Don’t get hung up on the annual fee though: paying more can often get you 3X the benefits, so a card that doesn’t get much for its $0 annual fee may pale in comparison to the one with a $95 fee that showers you with perks and freebies. Just understand what you’re getting and make sure you’ll use the benefits. Elite status or lounge access might not be worth much if you don’t travel enough to use them.
This post has been about travel credit cards because as you may have figured out by now, that’s the basic strategy. Travel Hacking 101 can be summed up quickly: get the right credit cards and use them to your advantage.
Spend wisely and double-dip or triple-dip when possible. Make sure every time you spend a dollar on a credit card, you are getting some kind of tangible benefit from it. Sometimes you can get a huge benefit. I paid my kid’s college tuition on a credit card for years. That’s more points than I’d like anyone to know, but it was a bill I had to pay regardless, so I just hit the jackpot!
If you want to step up without making things too complicated, sign up for the credit card company’s e-mail list and pay attention to promotions. You could get 5X points for just using their card at a gas station or grocery store. They all run dining programs where eating at the right restaurant can earn you extra points.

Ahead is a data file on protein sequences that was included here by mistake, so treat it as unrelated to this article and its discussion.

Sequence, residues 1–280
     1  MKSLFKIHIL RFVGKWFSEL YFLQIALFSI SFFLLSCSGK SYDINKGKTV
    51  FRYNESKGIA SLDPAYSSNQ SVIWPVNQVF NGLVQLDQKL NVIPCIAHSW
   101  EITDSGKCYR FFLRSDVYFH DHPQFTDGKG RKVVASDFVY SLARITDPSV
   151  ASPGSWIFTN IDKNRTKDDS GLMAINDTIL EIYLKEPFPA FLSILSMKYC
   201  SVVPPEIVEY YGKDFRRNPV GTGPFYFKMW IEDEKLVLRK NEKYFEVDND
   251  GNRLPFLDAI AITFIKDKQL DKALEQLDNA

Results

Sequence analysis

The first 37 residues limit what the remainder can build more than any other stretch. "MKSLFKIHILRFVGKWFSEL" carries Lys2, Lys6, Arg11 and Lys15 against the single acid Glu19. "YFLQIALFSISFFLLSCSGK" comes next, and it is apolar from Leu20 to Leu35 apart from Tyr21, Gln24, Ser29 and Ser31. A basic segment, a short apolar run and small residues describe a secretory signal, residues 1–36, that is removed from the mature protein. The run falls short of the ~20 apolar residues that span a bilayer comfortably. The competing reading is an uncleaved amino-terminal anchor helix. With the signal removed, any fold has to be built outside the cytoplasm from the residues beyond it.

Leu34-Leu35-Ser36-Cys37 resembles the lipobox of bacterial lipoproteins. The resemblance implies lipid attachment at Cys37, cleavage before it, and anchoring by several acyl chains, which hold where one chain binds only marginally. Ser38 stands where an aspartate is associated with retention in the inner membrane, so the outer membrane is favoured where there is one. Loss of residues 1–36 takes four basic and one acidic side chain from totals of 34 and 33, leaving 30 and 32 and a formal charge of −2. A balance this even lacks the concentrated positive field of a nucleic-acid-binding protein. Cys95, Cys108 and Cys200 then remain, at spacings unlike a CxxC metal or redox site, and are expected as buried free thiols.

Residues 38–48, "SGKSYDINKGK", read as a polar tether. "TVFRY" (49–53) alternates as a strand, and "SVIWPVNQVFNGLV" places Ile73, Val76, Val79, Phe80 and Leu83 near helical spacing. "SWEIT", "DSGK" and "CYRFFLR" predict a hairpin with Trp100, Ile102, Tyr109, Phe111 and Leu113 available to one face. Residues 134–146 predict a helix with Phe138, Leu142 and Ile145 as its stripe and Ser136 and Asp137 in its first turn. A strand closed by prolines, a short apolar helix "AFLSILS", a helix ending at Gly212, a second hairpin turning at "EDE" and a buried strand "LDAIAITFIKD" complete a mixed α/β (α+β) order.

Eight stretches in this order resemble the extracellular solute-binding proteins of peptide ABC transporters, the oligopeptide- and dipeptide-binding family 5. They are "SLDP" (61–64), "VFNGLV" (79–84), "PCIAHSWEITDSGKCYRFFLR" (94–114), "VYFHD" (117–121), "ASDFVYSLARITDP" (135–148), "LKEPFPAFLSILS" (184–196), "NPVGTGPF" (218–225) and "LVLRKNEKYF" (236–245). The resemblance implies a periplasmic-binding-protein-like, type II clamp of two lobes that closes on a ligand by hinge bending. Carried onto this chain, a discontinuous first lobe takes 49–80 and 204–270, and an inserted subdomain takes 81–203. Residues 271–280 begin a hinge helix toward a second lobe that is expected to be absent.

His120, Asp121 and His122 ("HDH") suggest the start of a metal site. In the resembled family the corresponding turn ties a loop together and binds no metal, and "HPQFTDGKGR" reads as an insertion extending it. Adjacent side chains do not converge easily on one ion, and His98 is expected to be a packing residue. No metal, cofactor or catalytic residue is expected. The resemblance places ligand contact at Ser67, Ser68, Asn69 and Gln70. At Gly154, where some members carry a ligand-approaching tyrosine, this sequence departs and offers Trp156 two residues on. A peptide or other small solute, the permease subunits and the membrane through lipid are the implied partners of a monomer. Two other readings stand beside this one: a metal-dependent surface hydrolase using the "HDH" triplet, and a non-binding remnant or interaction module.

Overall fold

Just understand that your choice may be more limited if you live outside the marketing-savvy USA, where companies aren’t so good at understanding lifetime customer value or how points can equal money in their stock value. Check sites like this for Canada though and find alternative sources for travel hacking in other countries.
If you have bad credit though or Dave Ramsey has convinced you that credit card spending is evil because you can’t be trusted to manage your money, then just grab the cheapest deal every time and that’s your strategy. Just understand that you are potentially leaving a significant sum on the table for someone else to pick up while you play with cash in envelopes.
Disclosure: I encourage you to do your homework independently. I can get some bonus points for the referral for some of these links as an existing customer if you follow my lead, but the terms should be the same as you could find independently on your own.
This Travel Hacking 101 post was updated in June of 2023.